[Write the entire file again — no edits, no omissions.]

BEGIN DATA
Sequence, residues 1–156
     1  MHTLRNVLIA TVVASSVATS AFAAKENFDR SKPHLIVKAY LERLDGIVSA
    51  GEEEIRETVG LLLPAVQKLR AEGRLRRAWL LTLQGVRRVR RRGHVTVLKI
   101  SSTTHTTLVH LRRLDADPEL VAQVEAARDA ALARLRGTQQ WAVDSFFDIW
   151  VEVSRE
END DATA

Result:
Sequence, residues 1–156
     1  MHTLRNVLIA TVVASSVATS AFAAKENFDR SKPHLIVKAY LERLDGIVSA
    51  GEEEIRETVG LLLPAVQKLR AEGRLRRAWL LTLQGVRRVR RRGHVTVLKI
   101  SSTTHTTLVH LRRLDADPEL VAQVEAARDA ALARLRGTQQ WAVDSFFDIW
   151  VEVSRE